One of my long-term life goals is to climb to the highest point in each state (only 48 left to go – looking forward to Florida’s 345 ft Britton Hill, not looking forward to Alaska’s 20,236 ft Mount McKinley). This past weekend, as I was considering where the next destination should be, it suddenly occurred to me that I had no idea where New York City’s highest points were.
And so putting off Massachusetts’ 3,489 ft. Mount Greylock for another day, I gathered my hiking gear and set out to conquer the highest peak in each of New York City’s five boroughs.
After acclimatizing for several hours in lower Manhattan, I trekked north to Washington Heights, to Bennett Park at West 183rd Street & Fort Washington Ave.
The highest point of land in Manhattan, the site was home to Fort Washington during the Revolutionary War, the base of operations for Washington. On November 16, 1776, British and Hessian troops seized the fort, forcing Washington’s army to retreat across the river into New Jersey. Today, cobblestones outline the original borders of the fort.
As for the actual highest point in Manhattan, I soon found a large chunk of exposed Manhattan schist at the western edge of the park. Tightening my steel crampons to my boots, I hiked past several several children and ascended the summit!
There’s an official plaque set into the rock, marking it as 265.05 feet above sea level (yes, that’s .05 feet, as in 3/4ths of an inch).
After taking in the gorgeous panoramic view of apartment buildings, I had to be off to my next destination…
Barely surviving my passage across the treacherous Spuyten Duyvil Creek, I traveled further north to the very upscale neighborhood of Fieldston in Riverdale:
Once known as Delafield Woods after the original landowner, Fieldston today is a privately owned neighborhood of about 250 residences. To reach the highest elevation point, I switched to bottled oxygen and hiked up Grosvenor Avenue…
…arriving at a development in the midst of construction.
There are some pretty amazing views from the top. Sadly, there’s no plaque for highest elevation…
…but according to my topographical research, it’s about here on this person’s property, clocking in at a whopping 280+ feet:
Feeling a nosebleed coming on from the altitude, I quickly descended and headed southwest to the next stop…
The highest point in Queens is actually a terminal moraine from the last Ice Age, marking the glacier’s furthest point of advancement. Today, it’s home to the North Shore Towers, a trio of 34-story apartment buildings built in 1971, complete with an 18-hole golf course and power plant.
Sadly, the trip to Queens’ highest elevation point turned out to be somewhat underwhelming. After hiking with my team of Sherpas along the Grand Central Parkway side road…
…we finally crested the summit!
Er, yes, this is it. Slightly disappointing, but a 258-foot hill is certainly nothing to scoff at from a mountaineering perspective.
While I was tempted to spend more time taking in the gorgeous alpine vista, it was late in the day, and we had to hurry on to the next stop…
Thankfully, the main entrance to Green-wood Cemetery was a little more scenic.
Built in 1861 in the Gothic Revival style, it was here that we spotted the most exotic animal species we were to come across on our expedition…
Brooklyn’s monk parrots, who nest very noisily in the spires (you can see a little puff of green below). According to legend, the birds escaped from a shipment at JFK in the 1960s and have been thriving ever since.
The highest point in Brooklyn can be found at Battle Hill, named for the fight that took place here during the Revolution, part of the greater Battle of Brooklyn.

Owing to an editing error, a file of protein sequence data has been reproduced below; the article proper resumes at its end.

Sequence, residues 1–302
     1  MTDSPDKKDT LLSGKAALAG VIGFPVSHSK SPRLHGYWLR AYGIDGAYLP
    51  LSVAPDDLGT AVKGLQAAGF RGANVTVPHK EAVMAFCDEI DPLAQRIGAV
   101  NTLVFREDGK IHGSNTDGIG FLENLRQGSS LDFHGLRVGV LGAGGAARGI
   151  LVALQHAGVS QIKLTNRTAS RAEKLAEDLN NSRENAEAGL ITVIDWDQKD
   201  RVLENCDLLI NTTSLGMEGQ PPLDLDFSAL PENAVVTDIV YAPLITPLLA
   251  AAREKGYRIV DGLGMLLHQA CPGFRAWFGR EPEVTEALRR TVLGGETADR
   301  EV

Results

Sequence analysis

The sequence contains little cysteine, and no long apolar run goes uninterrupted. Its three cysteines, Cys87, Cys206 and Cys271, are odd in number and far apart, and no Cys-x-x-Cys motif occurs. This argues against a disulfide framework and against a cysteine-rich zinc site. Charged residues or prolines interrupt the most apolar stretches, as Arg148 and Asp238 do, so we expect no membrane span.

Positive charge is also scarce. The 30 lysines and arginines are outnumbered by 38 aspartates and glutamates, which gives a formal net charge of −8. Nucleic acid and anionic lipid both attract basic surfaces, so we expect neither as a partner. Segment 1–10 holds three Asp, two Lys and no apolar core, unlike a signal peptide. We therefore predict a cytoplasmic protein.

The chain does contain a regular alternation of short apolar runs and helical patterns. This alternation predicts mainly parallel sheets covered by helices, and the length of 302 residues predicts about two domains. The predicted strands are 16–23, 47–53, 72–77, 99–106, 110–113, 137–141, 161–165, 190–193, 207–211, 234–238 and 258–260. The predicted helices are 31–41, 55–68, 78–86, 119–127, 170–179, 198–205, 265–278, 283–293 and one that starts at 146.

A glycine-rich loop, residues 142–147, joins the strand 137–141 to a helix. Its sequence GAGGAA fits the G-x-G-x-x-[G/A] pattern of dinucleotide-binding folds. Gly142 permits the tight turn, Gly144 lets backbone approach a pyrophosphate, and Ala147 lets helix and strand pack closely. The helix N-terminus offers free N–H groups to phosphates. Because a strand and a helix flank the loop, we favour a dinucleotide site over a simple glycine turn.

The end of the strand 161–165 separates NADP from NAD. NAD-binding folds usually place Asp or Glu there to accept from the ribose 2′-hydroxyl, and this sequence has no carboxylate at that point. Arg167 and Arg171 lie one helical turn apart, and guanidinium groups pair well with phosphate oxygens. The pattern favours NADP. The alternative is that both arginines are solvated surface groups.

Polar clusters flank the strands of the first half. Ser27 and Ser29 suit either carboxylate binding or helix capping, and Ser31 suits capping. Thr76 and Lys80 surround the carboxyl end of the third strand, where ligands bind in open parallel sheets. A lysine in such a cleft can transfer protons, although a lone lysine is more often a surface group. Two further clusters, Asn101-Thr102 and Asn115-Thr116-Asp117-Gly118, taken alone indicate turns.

There are several landmarks near the summit worth noting, including the 1869 Civil War Soldiers’ Monument….
…and the nearby Minerva statue, a memorial to the Battle of Brooklyn (incidentally, waving directly at the Statue of Liberty):
But my goal was the summit. Though a little wary of climbing without fixed ropes, I finally made it to the highest point in Brooklyn, located between these two trees at about 220 feet:
Quite the view!
Not wanting to be caught out in the elements after dark, I hurried on to my final destination…
Todt Hill (“tote”) is not only the highest natural point in all of New York City, it’s also the highest natural point on the Eastern Seaboard south of Maine. After looking at the map, Foster Avenue appeared to put me closest to the entrance…
Todt comes from the Dutch word for “dead,” most likely in reference to how bare the hill once was due to its serpentine rock base, the high magnesium content of which hinders plant growth (thanks Redditor Captain Compost!). At first, it seemed as though it’d be a simple walk through the woods…
Unfortunately, the path quickly became treacherous.
While attempting to forge through the overgrowth, I very quickly became entangled in the horrible tangles of pricker bushes infesting the area, suffering several debilitating wounds that I feared might end the journey prematurely.
Finally, I broke through to an actual path, and made my way up the hill…
…passing something of a rarity for modern-day New York: an abandoned car!
In fact, there were several strewn about, dumped here God knows when:
It’s a little hard to determine the exact high point, but this hill seemed to be the tallest around…
And at about 400 feet, I finally arrived at the highest natural point in New York City!
Five boroughs, five summits. While I can’t exactly say I recommend recreating this trip, it certainly was excellent preparation for my upcoming Mount McKinley climb.
Though I might start with that hill in Florida first.
If you enjoyed reading this post, would you consider making a donation to help me make my first movie? The goal is $50,000, and to date, 1,556 Scouting NY readers have donated $33,230! Just $5 or $10 can make a difference - AND you get this snazzy Scouting NY sticker/magnet as a Thank-You gift! Click here to donate today!